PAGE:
Texas Instruments Inc., the largest maker of analog chips, predicted first-quarter sales that fell short of some analysts’ estimates as electronic-device makers postpone orders to keep inventory low amid lackluster demand.
First-quarter sales will be $2.69 billion to $2.91 billion, the Dallas-based company said yesterday in a statement. Analysts on average had predicted $2.89 billion, according to data compiled by Bloomberg.
Texas Instruments’ customers, from home-appliance makers to military-hardware manufacturers, are holding off on buying to avoid stockpiles of unused parts amid uncertain demand. The company needs a broad economic recovery before its sales and earnings improve, according to Vernon Essi, an analyst at Needham & Co.
“You need a lift across a lot of areas to move the needle at TI,” Essi said. “I don’t think there’s enough strength.”
Texas Instruments fell as much as 2.1 percent after the results. The shares declined less than 1 percent to $33.46 at yesterday’s close in New York, leaving them up 8.3 percent this year.
Fourth-quarter net income was $264 million, or 23 cents a share, compared with $298 million, or 25 cents, a year earlier. Sales fell 13 percent to $2.98 billion. Analysts on average had predicted revenue of $2.95 billion.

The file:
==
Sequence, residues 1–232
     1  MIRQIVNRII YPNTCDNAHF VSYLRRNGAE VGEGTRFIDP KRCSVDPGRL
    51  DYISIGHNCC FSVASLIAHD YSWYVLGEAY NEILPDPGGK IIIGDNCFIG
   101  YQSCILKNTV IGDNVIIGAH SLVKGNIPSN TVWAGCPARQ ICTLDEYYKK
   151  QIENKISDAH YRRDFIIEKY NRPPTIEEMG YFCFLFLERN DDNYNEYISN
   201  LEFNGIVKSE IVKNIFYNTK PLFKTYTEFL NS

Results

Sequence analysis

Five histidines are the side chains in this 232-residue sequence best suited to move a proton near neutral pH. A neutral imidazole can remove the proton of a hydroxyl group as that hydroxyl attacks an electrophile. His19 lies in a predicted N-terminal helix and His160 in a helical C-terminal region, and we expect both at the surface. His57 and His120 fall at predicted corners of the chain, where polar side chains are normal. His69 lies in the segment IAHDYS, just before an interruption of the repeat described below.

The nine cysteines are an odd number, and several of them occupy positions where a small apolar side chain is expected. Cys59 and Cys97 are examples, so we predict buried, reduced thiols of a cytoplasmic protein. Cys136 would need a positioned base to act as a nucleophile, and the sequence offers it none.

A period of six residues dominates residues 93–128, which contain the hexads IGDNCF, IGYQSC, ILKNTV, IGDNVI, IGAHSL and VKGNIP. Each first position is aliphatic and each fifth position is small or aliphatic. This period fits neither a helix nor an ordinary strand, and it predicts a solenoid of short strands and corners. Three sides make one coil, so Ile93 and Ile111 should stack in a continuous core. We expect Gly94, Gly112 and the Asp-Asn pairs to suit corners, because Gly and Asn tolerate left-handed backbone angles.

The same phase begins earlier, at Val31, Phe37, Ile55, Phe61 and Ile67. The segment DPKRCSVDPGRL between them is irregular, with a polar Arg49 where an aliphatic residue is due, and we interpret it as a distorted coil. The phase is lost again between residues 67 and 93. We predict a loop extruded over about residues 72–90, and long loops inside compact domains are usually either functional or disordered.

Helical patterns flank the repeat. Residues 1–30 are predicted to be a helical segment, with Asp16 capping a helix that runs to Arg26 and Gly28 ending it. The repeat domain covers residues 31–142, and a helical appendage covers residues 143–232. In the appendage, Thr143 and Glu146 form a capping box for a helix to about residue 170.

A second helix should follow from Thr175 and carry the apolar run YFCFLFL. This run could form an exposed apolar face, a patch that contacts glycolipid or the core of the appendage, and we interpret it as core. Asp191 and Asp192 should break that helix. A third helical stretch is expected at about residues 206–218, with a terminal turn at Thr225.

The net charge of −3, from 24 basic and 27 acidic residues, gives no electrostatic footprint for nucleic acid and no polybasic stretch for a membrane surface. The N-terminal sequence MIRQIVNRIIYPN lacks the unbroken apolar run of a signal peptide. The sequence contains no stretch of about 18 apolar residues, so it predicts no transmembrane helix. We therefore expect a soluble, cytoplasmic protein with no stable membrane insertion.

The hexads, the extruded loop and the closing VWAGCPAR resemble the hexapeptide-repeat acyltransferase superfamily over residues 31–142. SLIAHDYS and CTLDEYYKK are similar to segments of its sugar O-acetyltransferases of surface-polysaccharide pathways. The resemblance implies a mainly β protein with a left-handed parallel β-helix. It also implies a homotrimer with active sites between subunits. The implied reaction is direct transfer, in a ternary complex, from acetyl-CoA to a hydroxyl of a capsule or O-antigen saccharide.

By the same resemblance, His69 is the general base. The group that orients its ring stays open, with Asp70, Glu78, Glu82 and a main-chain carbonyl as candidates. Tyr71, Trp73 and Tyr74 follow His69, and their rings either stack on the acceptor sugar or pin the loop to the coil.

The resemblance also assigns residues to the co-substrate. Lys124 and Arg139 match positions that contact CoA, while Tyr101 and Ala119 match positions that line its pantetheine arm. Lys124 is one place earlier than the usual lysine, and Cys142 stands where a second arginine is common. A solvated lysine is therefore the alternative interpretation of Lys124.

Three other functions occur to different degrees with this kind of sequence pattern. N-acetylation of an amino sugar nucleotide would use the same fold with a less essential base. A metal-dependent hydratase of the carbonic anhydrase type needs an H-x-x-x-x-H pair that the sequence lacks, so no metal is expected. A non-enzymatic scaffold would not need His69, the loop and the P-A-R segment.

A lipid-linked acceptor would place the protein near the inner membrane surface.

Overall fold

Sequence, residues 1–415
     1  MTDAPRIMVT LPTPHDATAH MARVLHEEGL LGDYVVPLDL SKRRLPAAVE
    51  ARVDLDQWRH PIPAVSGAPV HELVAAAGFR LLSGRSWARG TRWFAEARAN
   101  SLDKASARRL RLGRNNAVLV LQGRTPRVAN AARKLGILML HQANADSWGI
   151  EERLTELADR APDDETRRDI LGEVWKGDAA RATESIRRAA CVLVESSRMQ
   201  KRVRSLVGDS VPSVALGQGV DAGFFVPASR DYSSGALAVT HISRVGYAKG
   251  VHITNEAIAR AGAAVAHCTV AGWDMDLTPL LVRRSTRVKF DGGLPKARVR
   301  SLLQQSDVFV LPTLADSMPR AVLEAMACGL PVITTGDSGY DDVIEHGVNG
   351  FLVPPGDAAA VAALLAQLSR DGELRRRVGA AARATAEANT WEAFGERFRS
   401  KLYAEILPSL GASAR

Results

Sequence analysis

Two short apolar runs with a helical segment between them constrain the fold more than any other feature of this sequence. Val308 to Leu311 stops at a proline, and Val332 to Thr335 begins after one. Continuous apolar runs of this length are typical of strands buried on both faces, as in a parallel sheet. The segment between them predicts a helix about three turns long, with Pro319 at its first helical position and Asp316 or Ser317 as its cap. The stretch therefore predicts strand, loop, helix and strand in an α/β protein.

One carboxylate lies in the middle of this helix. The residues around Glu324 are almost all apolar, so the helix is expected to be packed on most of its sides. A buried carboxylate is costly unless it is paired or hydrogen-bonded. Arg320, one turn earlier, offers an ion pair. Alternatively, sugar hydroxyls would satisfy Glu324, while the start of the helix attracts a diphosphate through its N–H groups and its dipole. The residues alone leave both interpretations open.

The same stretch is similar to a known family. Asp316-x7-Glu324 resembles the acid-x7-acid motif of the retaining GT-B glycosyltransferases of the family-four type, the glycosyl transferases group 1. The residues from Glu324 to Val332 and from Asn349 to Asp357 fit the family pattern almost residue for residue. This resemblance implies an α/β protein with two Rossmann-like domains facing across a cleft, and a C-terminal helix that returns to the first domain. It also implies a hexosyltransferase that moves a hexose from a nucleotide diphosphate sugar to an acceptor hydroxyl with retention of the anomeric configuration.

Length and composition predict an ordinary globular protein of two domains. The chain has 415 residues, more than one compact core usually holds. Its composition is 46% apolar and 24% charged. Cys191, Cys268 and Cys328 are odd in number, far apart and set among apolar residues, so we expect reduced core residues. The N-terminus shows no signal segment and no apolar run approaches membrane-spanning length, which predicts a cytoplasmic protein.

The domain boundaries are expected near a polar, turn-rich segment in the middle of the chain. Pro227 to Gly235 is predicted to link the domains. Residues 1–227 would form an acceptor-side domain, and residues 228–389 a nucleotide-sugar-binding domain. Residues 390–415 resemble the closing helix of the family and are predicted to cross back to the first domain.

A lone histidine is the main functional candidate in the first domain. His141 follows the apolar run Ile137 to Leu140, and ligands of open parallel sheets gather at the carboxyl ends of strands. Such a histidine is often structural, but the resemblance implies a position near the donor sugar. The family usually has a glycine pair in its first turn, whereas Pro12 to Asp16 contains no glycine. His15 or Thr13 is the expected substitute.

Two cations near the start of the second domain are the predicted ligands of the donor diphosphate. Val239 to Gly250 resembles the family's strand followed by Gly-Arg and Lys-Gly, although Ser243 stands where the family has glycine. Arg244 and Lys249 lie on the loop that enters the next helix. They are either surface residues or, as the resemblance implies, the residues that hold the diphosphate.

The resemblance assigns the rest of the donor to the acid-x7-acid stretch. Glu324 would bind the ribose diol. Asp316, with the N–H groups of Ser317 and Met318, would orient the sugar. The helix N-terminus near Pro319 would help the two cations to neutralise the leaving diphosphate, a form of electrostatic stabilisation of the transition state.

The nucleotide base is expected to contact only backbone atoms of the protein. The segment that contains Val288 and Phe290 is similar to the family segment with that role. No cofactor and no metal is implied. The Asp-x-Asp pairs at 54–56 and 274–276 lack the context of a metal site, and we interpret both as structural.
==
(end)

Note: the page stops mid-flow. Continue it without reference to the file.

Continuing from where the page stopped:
“We continue to operate in a weak demand environment,” Richard Templeton, Texas Instruments’ chief executive officer, said in the statement. “Our visibility into future demand remains limited as our lead times are short and our customers are reluctant to commit to extended backlog.”
Customers are asking Texas Instruments for orders at short notice and keeping their parts stockpiles at low levels, Chief Financial Officer Kevin March said in a telephone interview.
“Even the slightest uptick in their end-demand and they are going to be caught short,” March said. “Everybody’s going to have to replenish.”
On Nov. 14, the company said it was cutting 1,700 jobs to reduce expenses by about $450 million a year, part of Templeton’s planned shift away from digital chips that run mobile phones and tablets. The measures were expected to result in costs of $325 million, mostly in the fourth quarter, Texas Instruments said at the time.
The exit from the phone-processor business will knock about $135 million off first-quarter sales, or 75 percent of the total decline from the fourth quarter, at the midpoint of the company’s forecast.